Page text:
today by energy minister Brian Wilson. The money will support the
establishment of up to six power stations to produce electricity from
burning fast growing crops such as straw, willow or miscamphus
The Bioenergy Capital Grants Scheme, jointly funded by DTI and New
Opportunities Fund, will support power generation and combined heat
and power projects using energy crops and other biomass. It is
expected to lever in approximately£200m of private sector
Speaking in Edinburgh today, Mr Wilson emphasised the potential
benefits to the rural economy of crops-for-energy.
'Biomass projects up to now in the UK have been mainly small. This
scheme, the first initiative of its kind, will stimulate this
'Rural communities have much to gain from the growth of this
industry, in terms of jobs and farm incomes. Harvesting and transport
will provide employment throughout the difficult winter months - when
most energy crops-management takes place.
'A key reason for DTI funding of this programme is to bring forward
advanced technologies - such as pyrolysis and gasification and to
develop supply chain networks.
'We have also recognised within the Renewables Obligation, the
supporting role co-fired power stations can play in helping to
develop biomass and energy crops, and in delivering renewable energy
capacity quickly and at relatively low cost. We have consulted widely
to ensure that the scheme meets the industry's needs and commercial
requirements as well as the government's policy objectives.
'At the same time, the government has already put in place support
for the establishment of energy crops through DEFRA's Energy Crop
Scheme, worth an additional£29m over the next 6 years.
'It is the role of government to ensure secure, diverse and
sustainable supplies of energy at competitive prices, now and in the
future. Renewable energy, from a range of sources, clearly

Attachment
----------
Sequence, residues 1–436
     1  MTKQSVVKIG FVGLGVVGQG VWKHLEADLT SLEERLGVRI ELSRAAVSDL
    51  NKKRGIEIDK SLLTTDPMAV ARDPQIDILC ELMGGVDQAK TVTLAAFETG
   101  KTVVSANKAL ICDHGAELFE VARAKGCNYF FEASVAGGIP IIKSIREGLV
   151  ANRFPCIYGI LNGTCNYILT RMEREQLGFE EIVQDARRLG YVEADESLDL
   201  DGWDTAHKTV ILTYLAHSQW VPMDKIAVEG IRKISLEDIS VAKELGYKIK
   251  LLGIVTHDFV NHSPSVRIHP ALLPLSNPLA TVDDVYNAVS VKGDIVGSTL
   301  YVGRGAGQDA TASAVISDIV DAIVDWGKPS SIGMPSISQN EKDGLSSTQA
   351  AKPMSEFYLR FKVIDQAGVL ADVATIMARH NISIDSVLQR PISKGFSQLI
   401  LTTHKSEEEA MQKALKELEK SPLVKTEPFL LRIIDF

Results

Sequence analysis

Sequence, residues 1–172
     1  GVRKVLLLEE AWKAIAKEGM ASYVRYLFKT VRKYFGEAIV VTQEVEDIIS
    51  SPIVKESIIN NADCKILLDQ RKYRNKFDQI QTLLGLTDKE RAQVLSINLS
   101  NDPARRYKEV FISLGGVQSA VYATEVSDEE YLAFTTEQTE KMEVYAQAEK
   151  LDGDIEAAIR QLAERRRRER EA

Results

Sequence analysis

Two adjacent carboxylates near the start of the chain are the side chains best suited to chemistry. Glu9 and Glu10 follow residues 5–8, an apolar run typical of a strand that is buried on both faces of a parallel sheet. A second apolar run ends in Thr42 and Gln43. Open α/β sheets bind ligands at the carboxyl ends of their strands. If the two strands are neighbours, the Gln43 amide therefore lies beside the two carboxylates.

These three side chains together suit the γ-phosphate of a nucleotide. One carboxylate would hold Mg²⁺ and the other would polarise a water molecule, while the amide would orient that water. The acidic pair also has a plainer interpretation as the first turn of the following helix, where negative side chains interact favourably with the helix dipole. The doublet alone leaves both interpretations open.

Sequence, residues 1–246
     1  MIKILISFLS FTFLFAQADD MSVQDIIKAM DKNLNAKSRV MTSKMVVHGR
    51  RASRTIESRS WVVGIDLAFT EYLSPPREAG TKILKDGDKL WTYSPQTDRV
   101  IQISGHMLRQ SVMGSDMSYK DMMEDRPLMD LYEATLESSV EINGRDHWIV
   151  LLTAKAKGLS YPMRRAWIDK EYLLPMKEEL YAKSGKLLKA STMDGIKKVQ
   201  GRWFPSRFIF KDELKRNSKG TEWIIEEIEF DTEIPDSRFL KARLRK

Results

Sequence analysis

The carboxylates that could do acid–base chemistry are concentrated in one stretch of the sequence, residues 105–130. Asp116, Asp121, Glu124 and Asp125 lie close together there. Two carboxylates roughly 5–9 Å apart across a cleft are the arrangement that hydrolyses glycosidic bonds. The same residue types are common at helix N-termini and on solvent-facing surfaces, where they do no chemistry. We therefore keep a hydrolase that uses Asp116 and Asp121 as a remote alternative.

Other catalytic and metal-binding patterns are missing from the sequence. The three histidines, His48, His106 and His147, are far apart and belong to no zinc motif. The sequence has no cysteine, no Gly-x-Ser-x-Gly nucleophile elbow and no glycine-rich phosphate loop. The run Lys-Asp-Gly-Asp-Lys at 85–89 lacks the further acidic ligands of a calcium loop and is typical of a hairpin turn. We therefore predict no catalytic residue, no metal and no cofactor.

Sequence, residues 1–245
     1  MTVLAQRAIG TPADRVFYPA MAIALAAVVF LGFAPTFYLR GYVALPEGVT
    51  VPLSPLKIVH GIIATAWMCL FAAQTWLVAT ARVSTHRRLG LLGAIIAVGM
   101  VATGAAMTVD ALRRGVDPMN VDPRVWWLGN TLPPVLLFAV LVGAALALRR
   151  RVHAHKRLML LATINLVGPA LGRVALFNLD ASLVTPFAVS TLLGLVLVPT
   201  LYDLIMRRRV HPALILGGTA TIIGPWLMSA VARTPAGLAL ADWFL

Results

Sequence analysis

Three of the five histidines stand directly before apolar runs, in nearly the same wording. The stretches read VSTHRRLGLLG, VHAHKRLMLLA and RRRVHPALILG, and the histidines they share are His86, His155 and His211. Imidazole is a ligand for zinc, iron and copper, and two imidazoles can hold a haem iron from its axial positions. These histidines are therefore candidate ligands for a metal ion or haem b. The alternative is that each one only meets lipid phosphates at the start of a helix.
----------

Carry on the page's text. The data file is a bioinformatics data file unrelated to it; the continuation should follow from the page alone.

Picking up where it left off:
contributes to all three - security, sustainability and diversity.
'Together these schemes will help the growing number of
technologists, developers, investors and planners interested in this
ecologically-strong industry to establish a firm foothold in our
future energy markets. They serves a fundamental government goal - to
establish renewable energy as a key player in meeting the UK's future
1. Projects will be assessed for quality against published criteria.
The money will go towards the capital costs of new projects -
application packs and guidance notes are available from
2. The Renewables Obligation requires electricity suppliers to
provide a specified proportion of their electricity from renewable
sources. This became law on 1 April in England and Wales as did a
corresponding Order in Scotland. These two Orders are the single most
important measures by government to enable industry to meet the 10%
renewables electricity by 2010 target. Biomass and energy crops are
eligible renewable sources under the Obligation.
3. Other measures include an allocation of over #260m over 3 years
mainly for capital grants for early demonstration projects in
offshore wind, energy crops (see main text for details) and solar
photovoltaics and an enhanced R&D programme to help bring forward the
next generation of renewable energy technologies such as wave energy
and tidal stream.
4. Renewables electricity has also been exempted from the Climate
5. Regional planning strategies are currently being revised to
incorporate policy planning guidance on renewables (PPG 22).